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Budget Statement 2019 (Continued)

Tuesday, 9 October 2018

Dáil Éireann Debate
Vol. 973 No. 2

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  9 o’clock

(Speaker Continuing)

[Deputy Eamon Ryan: Information on Eamon Ryan Zoom on Eamon Ryan] This is good for the economy. The analysis has been done. We have done it before and know how to do it. It could have been done at the flick of a switch or stroke of a pen but Fine Gael, because it does not care about climate change, said it will leave that out. This is because the Minister for Transport, Tourism and Sport, Deputy Shane Ross, wanted that. His only other thread in this budget seems to be the granny flat grant. According to breaking news, just one granny, in Clondalkin, will benefit from this new approach. That is a dramatic win for the Independent Alliance along with its scuppering of climate change action.

The Minister for Finance said in his speech that he wants to put in place a trajectory in line with the recommendations of the Joint Committee on Climate Action. I am working on the committee and am very glad to be part of it. It is doing important and interesting work. Anybody who wants to follow that work should start by reading what was said by Ms Marie Donnelly, former head of renewables and energy efficiency in the European Commission. She made a presentation to the committee three weeks ago. It was a superb example of how, with an attitude of opportunity, ambition, endeavour and willingness to take risks, make mistakes and think big, what I propose is doable and good for our country. Ms Donnelly outlined the practical measures we could and should be taking. She advocated we should begin by stopping the use of fossil fuels in every Irish home and public building straightaway. As with everything Fine Gael is doing, it is putting this off for another ten years.

Also presented to us were the clear facts on the scale of the challenge we are facing. One cannot be exact about modelling but the best analysis we have from the EPA and SEAI is that, in the next ten years, we will need to reduce our emissions in areas such as transport, agriculture and domestic energy to about 400 million tonnes. Even if all the measures and additional steps the Government is saying it will take but which it will not were accepted, we would be looking at an emissions figure of 500 million tonnes. We are looking at 100 million tonnes extra that we have to cut. We might cut half of that by buying our way out using all sorts of funds and loopholes that the Government has negotiated with the European Union, but even if every single one of those was used there would still be a 50 million tonne gap. It is frightening and scary that when we asked public officials at the committee how they wanted to close the gap, they looked like rabbits caught in the headlights, not knowing what to say or do. Even more frighteningly, officials admit openly that there was no climate assessment of the national development plan, Project Ireland 2040, before it was agreed. How could this have happened in 2018 when the urgency regarding climate change is so clear? How did our political and public administrative system allow a country that is already ranked second worst in the European Union, next to Poland, to sign off on a national development plan that was not fit for the purpose of addressing climate change, which is the direction in which our economy has to go?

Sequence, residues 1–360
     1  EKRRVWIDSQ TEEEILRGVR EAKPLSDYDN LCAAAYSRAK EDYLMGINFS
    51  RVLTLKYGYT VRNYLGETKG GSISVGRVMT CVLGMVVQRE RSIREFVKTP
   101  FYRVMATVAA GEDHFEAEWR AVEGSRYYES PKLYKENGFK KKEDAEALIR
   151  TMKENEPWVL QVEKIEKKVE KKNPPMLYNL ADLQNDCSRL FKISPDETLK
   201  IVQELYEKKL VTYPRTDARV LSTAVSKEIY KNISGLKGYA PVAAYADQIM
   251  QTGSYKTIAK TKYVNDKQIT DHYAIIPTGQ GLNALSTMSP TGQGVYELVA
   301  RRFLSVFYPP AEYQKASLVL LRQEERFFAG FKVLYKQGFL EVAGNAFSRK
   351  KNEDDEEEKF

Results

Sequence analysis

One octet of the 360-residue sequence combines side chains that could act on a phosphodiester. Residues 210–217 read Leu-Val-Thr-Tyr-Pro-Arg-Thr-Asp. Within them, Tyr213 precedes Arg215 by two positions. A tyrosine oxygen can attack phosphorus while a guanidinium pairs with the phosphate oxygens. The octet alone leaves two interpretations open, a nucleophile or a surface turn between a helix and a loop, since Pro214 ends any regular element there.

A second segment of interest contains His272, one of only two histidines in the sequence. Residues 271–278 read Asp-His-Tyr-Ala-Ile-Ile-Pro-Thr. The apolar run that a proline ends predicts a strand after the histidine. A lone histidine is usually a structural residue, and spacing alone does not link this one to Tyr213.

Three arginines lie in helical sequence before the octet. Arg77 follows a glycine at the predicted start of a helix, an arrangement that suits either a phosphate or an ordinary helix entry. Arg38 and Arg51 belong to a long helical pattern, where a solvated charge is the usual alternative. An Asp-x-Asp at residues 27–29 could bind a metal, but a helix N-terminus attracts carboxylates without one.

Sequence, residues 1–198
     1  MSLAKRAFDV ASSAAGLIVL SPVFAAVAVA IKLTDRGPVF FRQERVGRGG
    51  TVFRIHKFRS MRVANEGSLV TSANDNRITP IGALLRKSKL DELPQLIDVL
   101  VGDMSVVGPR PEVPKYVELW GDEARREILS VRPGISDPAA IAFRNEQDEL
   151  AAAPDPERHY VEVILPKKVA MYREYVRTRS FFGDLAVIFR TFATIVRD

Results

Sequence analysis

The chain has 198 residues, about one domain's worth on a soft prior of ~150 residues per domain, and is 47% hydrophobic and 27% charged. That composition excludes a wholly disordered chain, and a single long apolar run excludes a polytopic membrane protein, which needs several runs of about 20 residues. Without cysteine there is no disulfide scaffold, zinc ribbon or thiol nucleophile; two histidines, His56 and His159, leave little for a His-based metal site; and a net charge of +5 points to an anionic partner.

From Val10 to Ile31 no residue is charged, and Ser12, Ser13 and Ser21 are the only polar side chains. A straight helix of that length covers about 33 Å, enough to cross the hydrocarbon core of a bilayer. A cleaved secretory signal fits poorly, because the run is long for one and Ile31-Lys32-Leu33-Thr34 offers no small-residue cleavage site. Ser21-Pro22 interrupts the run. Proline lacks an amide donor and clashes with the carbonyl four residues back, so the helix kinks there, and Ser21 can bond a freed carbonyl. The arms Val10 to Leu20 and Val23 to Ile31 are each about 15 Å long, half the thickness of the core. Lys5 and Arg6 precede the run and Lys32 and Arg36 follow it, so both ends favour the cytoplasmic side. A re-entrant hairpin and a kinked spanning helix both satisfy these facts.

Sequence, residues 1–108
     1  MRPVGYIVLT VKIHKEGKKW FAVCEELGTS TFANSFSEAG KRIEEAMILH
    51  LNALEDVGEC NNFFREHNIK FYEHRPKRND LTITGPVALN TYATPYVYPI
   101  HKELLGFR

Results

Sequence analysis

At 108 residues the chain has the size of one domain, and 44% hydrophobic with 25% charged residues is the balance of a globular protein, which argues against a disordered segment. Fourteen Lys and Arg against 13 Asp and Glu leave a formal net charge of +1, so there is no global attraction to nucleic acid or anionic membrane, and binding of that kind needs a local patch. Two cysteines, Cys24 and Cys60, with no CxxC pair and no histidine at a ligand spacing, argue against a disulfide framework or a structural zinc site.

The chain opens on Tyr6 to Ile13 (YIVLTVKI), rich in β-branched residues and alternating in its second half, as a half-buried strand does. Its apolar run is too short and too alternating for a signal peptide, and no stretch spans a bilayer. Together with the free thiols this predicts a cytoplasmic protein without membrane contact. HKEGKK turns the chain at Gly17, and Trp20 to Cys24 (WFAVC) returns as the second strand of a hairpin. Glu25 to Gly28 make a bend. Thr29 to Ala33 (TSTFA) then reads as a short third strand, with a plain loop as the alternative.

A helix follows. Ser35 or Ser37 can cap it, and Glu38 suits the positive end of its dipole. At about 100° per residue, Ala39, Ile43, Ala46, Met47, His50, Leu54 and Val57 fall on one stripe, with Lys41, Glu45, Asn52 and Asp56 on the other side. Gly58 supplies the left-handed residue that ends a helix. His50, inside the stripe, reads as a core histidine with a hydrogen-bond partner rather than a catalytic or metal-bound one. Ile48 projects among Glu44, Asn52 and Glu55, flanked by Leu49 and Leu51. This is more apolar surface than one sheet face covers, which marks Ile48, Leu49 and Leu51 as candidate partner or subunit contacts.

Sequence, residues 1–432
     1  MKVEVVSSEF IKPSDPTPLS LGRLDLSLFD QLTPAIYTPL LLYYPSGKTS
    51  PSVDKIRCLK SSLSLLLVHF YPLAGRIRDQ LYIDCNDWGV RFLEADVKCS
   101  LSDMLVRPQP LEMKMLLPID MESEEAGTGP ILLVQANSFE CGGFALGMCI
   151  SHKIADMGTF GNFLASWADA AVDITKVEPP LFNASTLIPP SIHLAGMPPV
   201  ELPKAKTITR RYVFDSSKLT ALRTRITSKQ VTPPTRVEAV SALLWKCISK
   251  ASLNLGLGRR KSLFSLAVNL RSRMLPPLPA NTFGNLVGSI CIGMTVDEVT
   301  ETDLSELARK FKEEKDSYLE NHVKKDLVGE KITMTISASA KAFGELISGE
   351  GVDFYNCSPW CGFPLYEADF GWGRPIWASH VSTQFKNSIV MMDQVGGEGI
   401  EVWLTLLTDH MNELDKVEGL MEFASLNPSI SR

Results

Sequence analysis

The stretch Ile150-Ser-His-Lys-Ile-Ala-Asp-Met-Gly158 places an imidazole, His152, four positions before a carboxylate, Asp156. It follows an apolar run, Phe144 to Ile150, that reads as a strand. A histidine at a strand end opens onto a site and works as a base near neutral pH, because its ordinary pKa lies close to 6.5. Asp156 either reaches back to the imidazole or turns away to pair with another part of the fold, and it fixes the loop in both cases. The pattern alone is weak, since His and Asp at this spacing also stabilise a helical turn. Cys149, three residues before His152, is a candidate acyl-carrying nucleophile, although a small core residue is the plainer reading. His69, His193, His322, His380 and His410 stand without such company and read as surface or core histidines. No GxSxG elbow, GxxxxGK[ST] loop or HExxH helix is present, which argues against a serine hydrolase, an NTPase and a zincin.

What can we do? We could have listened to the advice of the ESB when its representatives were before the climate action committee. It said we need to invest perhaps €25 million this year in high-speed electric vehicle charging points. There is talk in the national development plan about having 500,000 electric vehicles within 12 years but there was not a word today about what the State might do to make this happen.

We might have taken the advice of Professor John FitzGerald, who in his presentation to the committee said we should be spending €5 billion on our social housing stock to improve it and make it energy efficient, and to help the people therein to create cosy homes and get out of fuel poverty. This could have been started and launched today. It would take ten years to ramp it up but we should have started today with a new scheme, and not just continue with the old schemes, which were about small retrofitting measures. We need to think big. We are to get rid of fossil fuels in a generation. This is not a matter of tinkering at the edges. We need system change. There was none of that in the budget today.